Yesterday I wrote about being fat and happy. Or rather, I wrote about being fat because I am happy. And the strangest thing happened.
As I wrote the words I am happy I was overcome with guilt. I felt that I had no right to feel this way, and certainly not to write the words down or say them aloud. I worried that some people might actually take offence at my being happy, might think that it meant I no longer cared about them or what they were going through – I pondered whether we can actually be happy ourselves when we know that those we care for are not.
It’s a difficult question to answer, just as happiness is difficult to quantify. Of course I’ve been “happy” before in my life, enjoying a weekend with friends, a giggle with the girls, an evening with my brothers, a meal with my mum or a G&T with my parents… But I have never before felt this underlying lightness of being and complete sense of security. I have had relationships wherein being held provided the greatest of physical comfort when needed, whereby a touch could make troubles melt away. But never have I felt such an incredible sense of being safe permeating my every waking minute.
Over the last few months I have felt a sense of relief blended with joy that I’ve never previously experienced. Where before I have felt smothered, detached, I have recently felt cushioned, connected. Where I used to feel as if I strained to see the world through the smudged lenses of binoculars, everything has taken on a sharper and brighter focus. This feeling is a new experience, so calming an influence and so far removed from anything I have known. It is what I personally identify as happiness.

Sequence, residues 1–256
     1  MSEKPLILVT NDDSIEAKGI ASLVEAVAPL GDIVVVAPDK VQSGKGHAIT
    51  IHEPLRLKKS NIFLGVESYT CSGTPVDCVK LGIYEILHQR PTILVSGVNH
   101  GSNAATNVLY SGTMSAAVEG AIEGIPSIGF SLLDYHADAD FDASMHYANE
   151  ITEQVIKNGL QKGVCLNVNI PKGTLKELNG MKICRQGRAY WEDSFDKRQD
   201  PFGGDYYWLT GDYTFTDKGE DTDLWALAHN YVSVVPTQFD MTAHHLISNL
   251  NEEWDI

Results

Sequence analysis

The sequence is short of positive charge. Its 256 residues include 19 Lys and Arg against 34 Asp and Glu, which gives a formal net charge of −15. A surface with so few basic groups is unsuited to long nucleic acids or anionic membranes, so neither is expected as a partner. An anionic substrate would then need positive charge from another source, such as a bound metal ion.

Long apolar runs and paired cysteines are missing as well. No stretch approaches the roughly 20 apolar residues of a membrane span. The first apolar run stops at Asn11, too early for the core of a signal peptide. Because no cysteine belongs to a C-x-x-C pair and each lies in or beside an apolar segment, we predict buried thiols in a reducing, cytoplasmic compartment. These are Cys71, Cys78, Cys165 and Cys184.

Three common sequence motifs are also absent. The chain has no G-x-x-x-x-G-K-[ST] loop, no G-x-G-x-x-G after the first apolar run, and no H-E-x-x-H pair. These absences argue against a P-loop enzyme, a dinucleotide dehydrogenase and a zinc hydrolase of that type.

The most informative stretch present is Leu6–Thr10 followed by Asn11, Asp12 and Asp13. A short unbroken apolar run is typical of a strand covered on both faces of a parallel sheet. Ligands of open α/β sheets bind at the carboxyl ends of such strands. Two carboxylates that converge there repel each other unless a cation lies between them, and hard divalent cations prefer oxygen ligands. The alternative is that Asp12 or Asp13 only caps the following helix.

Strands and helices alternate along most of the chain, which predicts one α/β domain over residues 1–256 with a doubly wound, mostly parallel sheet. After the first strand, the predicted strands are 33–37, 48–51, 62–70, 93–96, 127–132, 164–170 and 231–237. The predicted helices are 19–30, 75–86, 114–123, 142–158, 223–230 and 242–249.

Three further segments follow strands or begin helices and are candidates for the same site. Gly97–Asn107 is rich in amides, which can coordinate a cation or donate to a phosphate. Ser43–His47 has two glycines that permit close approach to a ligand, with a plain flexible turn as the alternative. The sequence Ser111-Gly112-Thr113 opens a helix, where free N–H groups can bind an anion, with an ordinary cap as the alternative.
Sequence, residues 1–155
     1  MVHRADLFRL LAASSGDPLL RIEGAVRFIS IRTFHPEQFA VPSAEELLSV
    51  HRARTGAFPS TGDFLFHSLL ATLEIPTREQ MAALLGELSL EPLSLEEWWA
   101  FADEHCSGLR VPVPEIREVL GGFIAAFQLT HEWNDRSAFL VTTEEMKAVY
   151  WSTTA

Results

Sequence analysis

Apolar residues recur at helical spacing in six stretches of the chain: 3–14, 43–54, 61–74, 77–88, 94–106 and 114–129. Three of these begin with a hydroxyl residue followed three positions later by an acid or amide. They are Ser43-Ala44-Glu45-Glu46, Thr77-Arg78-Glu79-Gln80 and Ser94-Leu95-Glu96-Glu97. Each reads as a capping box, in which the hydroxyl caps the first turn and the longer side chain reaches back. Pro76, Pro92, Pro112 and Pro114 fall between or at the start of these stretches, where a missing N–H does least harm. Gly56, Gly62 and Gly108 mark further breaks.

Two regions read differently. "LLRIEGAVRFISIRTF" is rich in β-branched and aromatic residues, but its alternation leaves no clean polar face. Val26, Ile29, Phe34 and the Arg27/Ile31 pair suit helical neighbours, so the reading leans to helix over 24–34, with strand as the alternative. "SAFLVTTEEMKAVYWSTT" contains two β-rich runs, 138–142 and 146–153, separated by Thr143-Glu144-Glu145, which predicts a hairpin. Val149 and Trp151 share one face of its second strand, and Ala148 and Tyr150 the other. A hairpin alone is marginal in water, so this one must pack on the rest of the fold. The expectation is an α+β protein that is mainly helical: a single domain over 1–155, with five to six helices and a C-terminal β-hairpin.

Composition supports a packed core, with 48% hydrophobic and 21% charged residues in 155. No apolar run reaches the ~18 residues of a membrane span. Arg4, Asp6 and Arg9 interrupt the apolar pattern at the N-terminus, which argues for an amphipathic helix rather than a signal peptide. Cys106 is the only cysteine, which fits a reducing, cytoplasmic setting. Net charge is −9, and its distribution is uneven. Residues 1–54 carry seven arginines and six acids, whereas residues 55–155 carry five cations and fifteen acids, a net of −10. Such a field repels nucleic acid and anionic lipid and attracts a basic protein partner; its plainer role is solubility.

I think quite often we hold to a mistaken understanding in life that being happy means everything being jolly-joy and hunky-dory, which just isn’t true. Happiness doesn’t fix everything. But it does make it easier to cope with things that might otherwise topple us. My life is still a big ol’ mess of rushing about, fighting exhaustion, trying and failing and generally feeling like I’m letting myself and everyone around me down. Being happy doesn’t stop me from caring about these things, doesn’t give me an excess of energy, more hours to get stuff done, more willpower to keep on top of everything. It just ripples through the negativity, dilutes it somehow, externalises it so that, while I still blame myself for the things I can’t get right, I don’t hate myself for them. I don’t punish myself, I don’t lie awake in bed worrying about how I should have done things differently – I accept that I am human and humans always have and always will learn from the mistakes they will never stop making.
I can now unequivocally state that I am human. I am vulnerable. I am fallible. I am fat. I am far, far from perfect. But at least I am happy.